Imports G&S in Netherlands
Netherlands - Imports Goods and Services
Dutch economy keeps a steady pace in Q1
Economic growth was steady in the opening quarter, growing 0.5% quarter-on-quarter to match the expansion recorded in the final quarter of last year. Compared to the same period a year earlier, growth fell to 1.7%, down from the 2.2% increase clocked in the final quarter of 2018.
The first quarter’s expansion was driven by resilient domestic demand, thanks to robust albeit softer fixed investment growth (Q1: +2.1% quarter-on-quarter; Q4: +4.0% qoq) and stock building, which could be linked to Brexit uncertainty. On the other hand, household consumption came to a near standstill, growing 0.1% over the previous quarter (Q4: +0.5% qoq). This was also despite robust retail sales turnover throughout the month and the labor market tightening even further. Moreover, private consumption was capped by a notable increase in inflation and a sharp deterioration in consumer confidence; in February, consumers were pessimistic about the economy for the first time in four years. Meanwhile, government consumption was stable at 0.5% in the quarter (Q4: +0.5% qoq).
The external sector dragged on economic growth, as the rebound in exports was outpaced by a stronger swing in imports. Exports of goods and services expanded 0.8% quarter-on-quarter, contrasting the 1.6% contraction in the final quarter of last year. Imports of goods and services, meanwhile, grew 1.6% over the prior quarter and this was chiefly due to services imports, with demand for goods virtually unchanged.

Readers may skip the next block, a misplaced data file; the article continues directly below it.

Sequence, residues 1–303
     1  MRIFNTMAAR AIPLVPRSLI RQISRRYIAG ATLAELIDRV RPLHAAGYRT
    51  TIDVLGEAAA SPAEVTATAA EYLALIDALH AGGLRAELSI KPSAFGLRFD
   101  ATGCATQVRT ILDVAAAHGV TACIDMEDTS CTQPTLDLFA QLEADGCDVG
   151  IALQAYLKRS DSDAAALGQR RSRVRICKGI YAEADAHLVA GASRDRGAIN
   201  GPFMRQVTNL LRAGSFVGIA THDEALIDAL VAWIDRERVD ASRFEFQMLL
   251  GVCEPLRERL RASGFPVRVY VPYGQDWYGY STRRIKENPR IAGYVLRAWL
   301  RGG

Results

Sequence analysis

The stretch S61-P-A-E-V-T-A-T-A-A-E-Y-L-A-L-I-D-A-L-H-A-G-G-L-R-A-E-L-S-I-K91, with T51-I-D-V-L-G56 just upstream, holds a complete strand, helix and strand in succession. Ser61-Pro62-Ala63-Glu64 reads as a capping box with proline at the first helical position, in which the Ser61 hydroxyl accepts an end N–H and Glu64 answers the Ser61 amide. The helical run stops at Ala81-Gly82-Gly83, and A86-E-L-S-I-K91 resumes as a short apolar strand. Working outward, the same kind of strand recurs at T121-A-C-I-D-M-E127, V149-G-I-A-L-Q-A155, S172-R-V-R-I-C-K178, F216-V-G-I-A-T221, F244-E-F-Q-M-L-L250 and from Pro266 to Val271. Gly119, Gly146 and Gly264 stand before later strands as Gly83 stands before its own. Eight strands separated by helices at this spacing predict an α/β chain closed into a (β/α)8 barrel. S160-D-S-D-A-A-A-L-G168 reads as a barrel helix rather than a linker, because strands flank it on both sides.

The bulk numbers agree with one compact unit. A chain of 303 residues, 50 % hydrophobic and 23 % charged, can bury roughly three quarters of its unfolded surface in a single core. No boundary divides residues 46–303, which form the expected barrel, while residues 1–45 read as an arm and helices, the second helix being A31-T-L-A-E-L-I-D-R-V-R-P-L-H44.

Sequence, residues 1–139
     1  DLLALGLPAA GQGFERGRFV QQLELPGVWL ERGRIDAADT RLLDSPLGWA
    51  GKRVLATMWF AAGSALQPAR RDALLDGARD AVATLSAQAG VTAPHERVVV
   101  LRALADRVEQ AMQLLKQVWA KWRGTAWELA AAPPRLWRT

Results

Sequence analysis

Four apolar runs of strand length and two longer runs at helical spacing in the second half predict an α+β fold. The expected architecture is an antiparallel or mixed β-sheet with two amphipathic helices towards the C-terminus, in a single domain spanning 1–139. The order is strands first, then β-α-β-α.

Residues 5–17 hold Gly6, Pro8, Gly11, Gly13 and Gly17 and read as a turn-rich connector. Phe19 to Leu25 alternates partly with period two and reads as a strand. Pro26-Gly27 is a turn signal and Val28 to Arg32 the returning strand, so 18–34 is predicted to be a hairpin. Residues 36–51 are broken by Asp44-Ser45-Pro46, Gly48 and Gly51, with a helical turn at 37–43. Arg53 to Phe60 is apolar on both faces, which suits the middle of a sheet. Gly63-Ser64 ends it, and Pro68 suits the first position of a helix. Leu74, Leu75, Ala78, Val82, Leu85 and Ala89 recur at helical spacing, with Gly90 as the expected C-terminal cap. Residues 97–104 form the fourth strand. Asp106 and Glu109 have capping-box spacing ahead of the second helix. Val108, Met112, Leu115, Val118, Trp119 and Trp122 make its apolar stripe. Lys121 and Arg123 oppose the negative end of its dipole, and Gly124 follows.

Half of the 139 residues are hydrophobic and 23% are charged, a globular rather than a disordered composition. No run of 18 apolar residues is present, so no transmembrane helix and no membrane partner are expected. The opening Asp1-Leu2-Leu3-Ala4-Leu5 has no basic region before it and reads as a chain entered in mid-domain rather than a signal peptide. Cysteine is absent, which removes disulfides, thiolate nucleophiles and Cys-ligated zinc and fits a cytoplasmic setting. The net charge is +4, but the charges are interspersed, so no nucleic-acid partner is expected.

Going forward, the Dutch economy should continue growing at a steady, albeit more moderate, pace this year. A tight labor market is seen supporting private consumption growth in part through wage gains. The government’s slightly more expansionary fiscal policy should further boost the economy. Downside risks remain present on the external side, however, especially concerning the trade spat between the United States and China, an uncertain Brexit and U.S.-EU trade tensions.
FocusEconomics Consensus Forecast panelists see GDP growing at a softer pace of 1.7% in 2019, which is unchanged from last month’s projection. For 2020, the panel expects the economy to expand 1.6%.
Netherlands - Imports G&S Data
|Imports (G&S, annual variation in %)||1.0||4.2||8.4||4.1||5.4|
5 years of economic forecasts for more than 30 economic indicators.
|Bond Yield||0.15||5.70 %||May 10|
|Exchange Rate||1.12||0.65 %||May 13|
|Stock Market||544||-0.57 %||May 13|
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May 21, 2019
Consumer sentiment in the Netherlands was stable at minus 3 in May from the prior month, matching the long-term average of minus 3 over the last 20 years. Underlying data revealed the stable reading reflected a slight improvement in consumers’ views on the economic climate while their willingness to part ways with their cash was stable.
May 14, 2019
Economic growth was steady in the opening quarter, growing 0.5% quarter-on-quarter to match the expansion recorded in the final quarter of last year.
May 1, 2019
At the start of the second quarter, the Dutch manufacturing sector continued to lose steam: Operating conditions improved at the weakest pace since June 2016, with the manufacturing Purchasing Managers’ Index (PMI) dropping to 52.0 in April from 52.5 in March.
April 23, 2019
Following eight consecutive drops in consumer confidence, sentiment among Dutch consumer ticked up in April to minus 3 from minus 4 in March.
April 1, 2019
The Dutch manufacturing sector continued to lose steam at the close of the first quarter, as operating conditions expand at a 33-month low with the manufacturing Purchasing Managers’ Index (PMI) dropping to 52.5 in March from 52.7 in February.